When it comes to dining, you simply can't go wrong in Quebec City, a town that gave birth to the region's modern day gastronomic revolution in the 1930's. Even a casual, on-the-hoof snack of a street crepe made with local cheese, a slice of "sugar pie," or a crusty sandwich offer unexpected satisfaction. For those who venture beyond the popular pedestrian streets, other treats await. One very special place to eat is the ornate dining hall inside the Parliament Building (three-course lunches $15, dinner $40). Who knows, you may even eat next to the Premier. Another relatively unknown spot is the restaurant tucked inside the Musee National des Beaux Arts du Quebec, or fine art museum of Quebec where a three-course lunch also goes for $15. For drinks, try the simple pleasure of nursing a maple beer purchased at the oldest grocery store in North America, J.A. Moisan, located at 699 rue Saint-Jean. The unusual brew just won the prestigious Prix D'Innovation, or Innovation Prize, in Paris.
L'Echaude Restaurant (http://www.echaude.com/, 73 rue Sault-au-Matelot) a 20-year-old bistro in the Old Port, which offers 10 wines by the glass (and a superb list of bottles), $10 three-course lunches called table d'hote ($16 for dinner), and the best steak tartare in the city, is another sure bet. And just down the street sits one of the city's most unusual hotels, L'Auberge Saint-Antoine, whose outstanding restaurant Panache officially opens this month. Whether you choose to stay at L'Auberge Saint-Antoine or not, a dinner by the artful chef Francoise Blais is mandatory during a visit to Quebec City. Blais's reverence for fresh ingredients and French Canadian cuisine shines through in every dish, creating a memorable festival of local flavors.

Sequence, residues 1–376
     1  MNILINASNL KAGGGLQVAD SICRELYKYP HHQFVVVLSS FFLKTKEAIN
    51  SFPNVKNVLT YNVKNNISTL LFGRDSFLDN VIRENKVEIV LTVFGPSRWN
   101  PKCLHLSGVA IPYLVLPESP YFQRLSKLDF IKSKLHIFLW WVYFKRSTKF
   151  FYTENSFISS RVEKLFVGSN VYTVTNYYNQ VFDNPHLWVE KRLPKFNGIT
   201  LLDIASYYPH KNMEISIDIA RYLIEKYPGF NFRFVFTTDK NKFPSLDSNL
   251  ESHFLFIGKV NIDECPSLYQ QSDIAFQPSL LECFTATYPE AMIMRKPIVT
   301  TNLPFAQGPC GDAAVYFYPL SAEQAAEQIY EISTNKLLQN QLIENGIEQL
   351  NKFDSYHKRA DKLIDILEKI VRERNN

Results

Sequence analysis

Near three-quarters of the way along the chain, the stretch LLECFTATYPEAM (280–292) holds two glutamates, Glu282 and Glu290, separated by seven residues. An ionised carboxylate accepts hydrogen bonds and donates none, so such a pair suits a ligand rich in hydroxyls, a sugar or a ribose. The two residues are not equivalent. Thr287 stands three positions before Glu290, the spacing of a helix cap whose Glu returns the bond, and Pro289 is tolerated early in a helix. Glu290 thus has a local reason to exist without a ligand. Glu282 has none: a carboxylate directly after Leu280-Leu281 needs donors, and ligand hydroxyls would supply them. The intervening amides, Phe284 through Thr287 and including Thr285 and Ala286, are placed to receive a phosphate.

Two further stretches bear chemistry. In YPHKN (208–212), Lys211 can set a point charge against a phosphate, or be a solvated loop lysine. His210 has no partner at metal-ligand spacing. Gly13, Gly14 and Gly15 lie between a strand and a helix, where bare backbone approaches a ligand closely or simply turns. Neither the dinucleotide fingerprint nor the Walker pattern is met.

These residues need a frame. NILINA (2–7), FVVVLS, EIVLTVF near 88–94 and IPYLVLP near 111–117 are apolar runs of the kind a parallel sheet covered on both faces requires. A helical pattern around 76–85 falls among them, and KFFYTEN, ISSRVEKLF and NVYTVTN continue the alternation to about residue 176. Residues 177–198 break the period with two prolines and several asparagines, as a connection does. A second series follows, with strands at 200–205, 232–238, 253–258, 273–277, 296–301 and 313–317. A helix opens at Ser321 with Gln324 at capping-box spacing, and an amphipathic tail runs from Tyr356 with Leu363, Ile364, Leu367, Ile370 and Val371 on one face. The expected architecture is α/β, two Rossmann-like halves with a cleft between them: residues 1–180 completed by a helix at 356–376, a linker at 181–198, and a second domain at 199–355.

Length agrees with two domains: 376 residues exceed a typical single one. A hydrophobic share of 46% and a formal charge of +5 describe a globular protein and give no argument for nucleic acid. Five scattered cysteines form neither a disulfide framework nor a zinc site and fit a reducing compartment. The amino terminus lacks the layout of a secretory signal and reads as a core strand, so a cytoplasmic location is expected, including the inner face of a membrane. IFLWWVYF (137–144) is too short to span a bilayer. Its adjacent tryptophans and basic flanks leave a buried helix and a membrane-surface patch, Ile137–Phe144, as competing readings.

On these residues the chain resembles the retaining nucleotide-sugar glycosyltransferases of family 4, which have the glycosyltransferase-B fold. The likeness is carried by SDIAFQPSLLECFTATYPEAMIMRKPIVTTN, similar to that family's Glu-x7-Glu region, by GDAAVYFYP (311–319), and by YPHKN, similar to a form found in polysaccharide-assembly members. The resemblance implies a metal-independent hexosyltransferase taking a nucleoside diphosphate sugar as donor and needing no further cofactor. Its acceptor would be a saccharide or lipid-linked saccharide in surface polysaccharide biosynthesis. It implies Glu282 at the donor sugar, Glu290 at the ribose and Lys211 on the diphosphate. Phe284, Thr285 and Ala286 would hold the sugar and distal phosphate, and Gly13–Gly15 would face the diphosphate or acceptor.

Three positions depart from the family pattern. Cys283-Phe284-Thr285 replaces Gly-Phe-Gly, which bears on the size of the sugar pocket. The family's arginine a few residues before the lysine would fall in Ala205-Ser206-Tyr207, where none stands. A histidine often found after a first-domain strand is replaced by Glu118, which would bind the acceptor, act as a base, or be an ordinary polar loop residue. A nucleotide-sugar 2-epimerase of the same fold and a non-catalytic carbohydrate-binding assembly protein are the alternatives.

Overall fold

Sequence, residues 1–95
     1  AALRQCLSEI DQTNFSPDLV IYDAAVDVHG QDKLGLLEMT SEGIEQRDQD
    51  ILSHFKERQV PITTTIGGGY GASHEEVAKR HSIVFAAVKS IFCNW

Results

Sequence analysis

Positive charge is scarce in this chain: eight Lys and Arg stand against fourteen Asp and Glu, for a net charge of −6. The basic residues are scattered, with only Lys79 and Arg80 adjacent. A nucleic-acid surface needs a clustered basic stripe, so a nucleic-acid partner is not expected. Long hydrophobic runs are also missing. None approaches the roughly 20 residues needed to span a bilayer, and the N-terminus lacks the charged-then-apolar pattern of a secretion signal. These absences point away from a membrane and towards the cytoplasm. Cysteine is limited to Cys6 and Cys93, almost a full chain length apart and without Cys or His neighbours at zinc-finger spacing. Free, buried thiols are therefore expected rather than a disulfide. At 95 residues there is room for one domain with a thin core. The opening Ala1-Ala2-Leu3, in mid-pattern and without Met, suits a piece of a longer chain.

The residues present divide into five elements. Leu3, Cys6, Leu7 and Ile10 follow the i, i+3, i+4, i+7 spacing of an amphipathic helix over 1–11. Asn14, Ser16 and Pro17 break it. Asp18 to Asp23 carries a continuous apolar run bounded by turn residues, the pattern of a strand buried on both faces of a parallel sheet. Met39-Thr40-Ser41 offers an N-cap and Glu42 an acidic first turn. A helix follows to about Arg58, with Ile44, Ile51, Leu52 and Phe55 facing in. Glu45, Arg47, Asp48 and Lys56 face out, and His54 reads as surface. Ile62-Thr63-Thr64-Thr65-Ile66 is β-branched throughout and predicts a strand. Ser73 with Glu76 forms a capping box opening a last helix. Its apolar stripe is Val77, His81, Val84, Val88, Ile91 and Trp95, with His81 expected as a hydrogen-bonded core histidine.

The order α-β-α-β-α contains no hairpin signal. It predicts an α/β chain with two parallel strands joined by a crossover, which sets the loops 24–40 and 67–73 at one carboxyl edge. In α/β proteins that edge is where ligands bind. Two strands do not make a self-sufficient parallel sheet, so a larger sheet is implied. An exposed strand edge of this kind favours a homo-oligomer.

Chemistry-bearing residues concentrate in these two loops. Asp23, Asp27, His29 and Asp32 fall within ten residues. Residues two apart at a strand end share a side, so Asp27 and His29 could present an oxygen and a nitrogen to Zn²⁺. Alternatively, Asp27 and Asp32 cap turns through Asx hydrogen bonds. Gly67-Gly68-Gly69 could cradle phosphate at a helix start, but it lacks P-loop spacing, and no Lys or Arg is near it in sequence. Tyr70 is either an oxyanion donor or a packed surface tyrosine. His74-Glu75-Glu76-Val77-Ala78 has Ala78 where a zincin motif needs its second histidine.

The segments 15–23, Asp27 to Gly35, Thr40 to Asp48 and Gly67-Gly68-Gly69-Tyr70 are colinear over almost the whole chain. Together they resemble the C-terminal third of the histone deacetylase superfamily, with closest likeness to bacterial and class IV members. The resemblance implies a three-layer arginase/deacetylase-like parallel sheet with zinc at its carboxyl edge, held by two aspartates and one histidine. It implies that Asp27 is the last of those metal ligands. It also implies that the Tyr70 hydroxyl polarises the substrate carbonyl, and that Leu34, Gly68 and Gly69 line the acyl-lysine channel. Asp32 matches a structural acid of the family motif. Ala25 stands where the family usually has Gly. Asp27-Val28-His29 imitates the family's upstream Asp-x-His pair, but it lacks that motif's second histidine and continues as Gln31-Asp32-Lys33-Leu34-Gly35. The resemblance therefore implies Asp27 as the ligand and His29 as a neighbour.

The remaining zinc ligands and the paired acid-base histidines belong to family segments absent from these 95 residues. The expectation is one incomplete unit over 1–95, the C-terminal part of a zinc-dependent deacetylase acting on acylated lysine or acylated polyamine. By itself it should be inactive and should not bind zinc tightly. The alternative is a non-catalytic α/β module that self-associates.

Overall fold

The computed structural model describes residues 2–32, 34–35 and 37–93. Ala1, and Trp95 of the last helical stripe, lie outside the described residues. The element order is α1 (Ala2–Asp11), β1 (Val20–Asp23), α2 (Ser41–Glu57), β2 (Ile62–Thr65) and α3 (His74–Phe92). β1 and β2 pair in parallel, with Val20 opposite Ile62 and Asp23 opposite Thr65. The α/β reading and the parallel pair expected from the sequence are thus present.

A room to call your own in and around the Old City
Summer is considered high season in Quebec City, but here are some good nightly lodging deals currently on offer (all prices are per room, not per person):
Walking into the L'Auberge Saint-Antoine is like walking into a museum, only the reception is much, much warmer. The 83-room hotel, which is located in the Old Port and blessedly just off some of the city's well-tread tourist paths, opened in 1992 in three historic buildings on an archeological site that yielded some 5,000 artifacts. Four-hundred of them are on view in the hotel's common spaces and even in the rooms themselves. Each floor represents a layer of excavation, and each room identified by its own treasure. Etched aperitif glasses used by visiting diplomats in the early 1800's may be embedded in your nightstand, or a Chinese porcelain cup used in the mid-1700's neatly displayed by your room door. Appropriately, Saint Anthony is the patron saint of travelers and lost things.